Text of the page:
Two Years of Case Management
Final Findings from the Communities In Schools Random Assignment Evaluation
While high school graduation rates are on the rise nationwide, too many students still never reach that milestone, with 7,000 on average dropping out every day. Recognizing that many students need additional support to succeed in school, Communities In Schools (CIS) works to provide and connect students with integrated support services to keep them on a path to graduation. CIS makes some services broadly available to all students at a school, and provides individual case management to those deemed most at risk of dropping out.
This report presents the final implementation and impact findings from a two-year randomized controlled trial of CIS case management. This trial is half of a two-pronged national evaluation, the other half being a quasi-experimental study of the whole-school model. The report describes the implementation and effects of CIS case management in 24 mostly urban, low-income secondary schools in two states during the 2013-2014 school year. The study’s implementation research finds:
- CIS site coordinators directly provide many services and also connect students with local partners and extant in-school services. While partner and in-school service providers help CIS meet students’ needs, it is challenging to monitor and evaluate their services’ quality.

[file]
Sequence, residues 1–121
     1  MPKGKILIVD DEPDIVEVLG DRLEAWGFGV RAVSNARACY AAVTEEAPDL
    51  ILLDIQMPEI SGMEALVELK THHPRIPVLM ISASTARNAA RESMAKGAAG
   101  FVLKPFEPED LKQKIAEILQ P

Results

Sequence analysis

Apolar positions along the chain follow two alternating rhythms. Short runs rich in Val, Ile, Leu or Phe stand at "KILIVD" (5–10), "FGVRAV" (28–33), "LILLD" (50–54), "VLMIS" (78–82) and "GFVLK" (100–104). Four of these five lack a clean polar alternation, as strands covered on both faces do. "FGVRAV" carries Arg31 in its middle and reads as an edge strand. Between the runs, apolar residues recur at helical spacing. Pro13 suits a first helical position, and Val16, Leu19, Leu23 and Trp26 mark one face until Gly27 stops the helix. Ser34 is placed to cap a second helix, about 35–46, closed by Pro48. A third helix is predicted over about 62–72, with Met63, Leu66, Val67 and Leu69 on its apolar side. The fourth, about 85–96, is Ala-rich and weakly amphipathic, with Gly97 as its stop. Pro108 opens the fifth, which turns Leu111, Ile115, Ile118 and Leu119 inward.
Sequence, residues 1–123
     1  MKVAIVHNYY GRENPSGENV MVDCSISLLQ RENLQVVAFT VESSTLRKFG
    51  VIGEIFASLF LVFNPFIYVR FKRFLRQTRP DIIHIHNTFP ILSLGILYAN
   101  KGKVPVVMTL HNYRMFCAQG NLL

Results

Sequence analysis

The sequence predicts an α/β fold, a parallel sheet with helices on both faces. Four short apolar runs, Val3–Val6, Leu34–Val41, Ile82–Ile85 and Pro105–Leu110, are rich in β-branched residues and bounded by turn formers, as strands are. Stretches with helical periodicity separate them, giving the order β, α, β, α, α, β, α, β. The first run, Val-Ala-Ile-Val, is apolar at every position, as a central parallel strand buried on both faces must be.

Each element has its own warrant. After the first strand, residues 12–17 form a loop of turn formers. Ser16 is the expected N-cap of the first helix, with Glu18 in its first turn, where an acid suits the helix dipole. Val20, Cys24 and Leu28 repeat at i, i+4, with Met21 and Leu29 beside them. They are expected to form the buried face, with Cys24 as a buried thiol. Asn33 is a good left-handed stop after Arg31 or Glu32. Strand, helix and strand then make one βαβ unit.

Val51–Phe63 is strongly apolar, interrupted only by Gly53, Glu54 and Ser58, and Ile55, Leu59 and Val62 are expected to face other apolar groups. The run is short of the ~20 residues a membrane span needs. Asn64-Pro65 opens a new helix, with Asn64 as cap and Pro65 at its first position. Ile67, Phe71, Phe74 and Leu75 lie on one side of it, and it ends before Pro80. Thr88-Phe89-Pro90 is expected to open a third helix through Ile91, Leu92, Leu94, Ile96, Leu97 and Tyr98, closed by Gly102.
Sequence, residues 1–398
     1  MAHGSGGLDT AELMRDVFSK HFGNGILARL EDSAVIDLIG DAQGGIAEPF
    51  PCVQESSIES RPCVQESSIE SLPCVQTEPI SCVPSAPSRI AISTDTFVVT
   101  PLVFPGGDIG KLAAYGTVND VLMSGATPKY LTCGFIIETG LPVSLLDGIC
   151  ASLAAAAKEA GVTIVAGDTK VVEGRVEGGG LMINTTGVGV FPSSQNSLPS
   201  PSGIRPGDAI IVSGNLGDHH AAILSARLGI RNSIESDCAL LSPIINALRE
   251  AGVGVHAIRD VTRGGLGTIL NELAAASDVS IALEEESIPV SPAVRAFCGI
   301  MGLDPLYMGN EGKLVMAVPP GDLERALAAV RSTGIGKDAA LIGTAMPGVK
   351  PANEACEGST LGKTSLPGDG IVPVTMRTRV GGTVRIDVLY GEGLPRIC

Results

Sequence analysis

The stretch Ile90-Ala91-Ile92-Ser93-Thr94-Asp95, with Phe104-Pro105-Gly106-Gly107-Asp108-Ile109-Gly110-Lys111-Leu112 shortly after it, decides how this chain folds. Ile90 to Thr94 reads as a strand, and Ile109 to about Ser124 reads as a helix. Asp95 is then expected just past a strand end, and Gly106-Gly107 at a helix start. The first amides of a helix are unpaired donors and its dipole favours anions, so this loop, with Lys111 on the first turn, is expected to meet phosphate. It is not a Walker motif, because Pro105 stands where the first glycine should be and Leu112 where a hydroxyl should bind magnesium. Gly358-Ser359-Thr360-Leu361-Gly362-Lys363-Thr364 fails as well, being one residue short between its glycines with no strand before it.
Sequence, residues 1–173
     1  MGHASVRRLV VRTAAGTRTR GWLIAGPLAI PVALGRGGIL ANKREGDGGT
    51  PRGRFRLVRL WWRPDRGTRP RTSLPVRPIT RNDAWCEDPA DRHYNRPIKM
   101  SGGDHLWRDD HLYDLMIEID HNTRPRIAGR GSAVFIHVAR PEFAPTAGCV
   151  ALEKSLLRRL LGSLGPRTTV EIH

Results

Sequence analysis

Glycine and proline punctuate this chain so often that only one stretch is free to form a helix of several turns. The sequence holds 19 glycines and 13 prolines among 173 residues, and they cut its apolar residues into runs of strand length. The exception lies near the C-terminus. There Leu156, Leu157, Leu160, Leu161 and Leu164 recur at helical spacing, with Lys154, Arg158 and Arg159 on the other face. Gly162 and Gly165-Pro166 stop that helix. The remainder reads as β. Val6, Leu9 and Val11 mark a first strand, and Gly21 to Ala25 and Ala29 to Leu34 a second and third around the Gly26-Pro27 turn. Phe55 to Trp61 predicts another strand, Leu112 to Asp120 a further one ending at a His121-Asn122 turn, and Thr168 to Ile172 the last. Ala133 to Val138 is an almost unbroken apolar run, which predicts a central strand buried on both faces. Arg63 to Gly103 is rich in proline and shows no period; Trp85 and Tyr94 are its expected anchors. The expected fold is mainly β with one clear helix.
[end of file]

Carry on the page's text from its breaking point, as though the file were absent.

- During the second year of the study, approximately 80 percent of the students assigned to case management received services. These students received services an average of 20 times, for an average of just over 18 hours. Students classified as being at high risk of dropping out received services at a lower rate than moderate-risk students.
- CIS case-managed students participated in support activities more frequently than non-case-managed students overall.
The study also estimated the effect of case management on students’ nonacademic and more traditional school outcomes. After two years, the study found that case management had a positive effect on several nonacademic outcomes, including students’ attitudes about school and their relationships with adults and peers. However, the study also found that case management did not improve students’ school progress, achievement, attendance, or behavior.
The final chapter of this report includes implications for practice based on the evaluation findings: ensuring that high-risk students receive the most attention; keeping students engaged with services; monitoring and adjusting services over time; working to ensure the quality of services from partner organizations; and emphasizing students in transition grades. CIS’s national office has already begun to implement changes based on the results of this evaluation.
The report concludes by considering the results of this random assignment study of case management together with the results of the quasi-experimental analysis of the whole-school model. Taken together, the results suggest that whole-school models of integrated student support offer the promise of positive effects. The results also indicate, however, some areas to which support providers may need to pay close attention, to ensure that students receive services that address their specific needs and that benefit them above and beyond the services already available.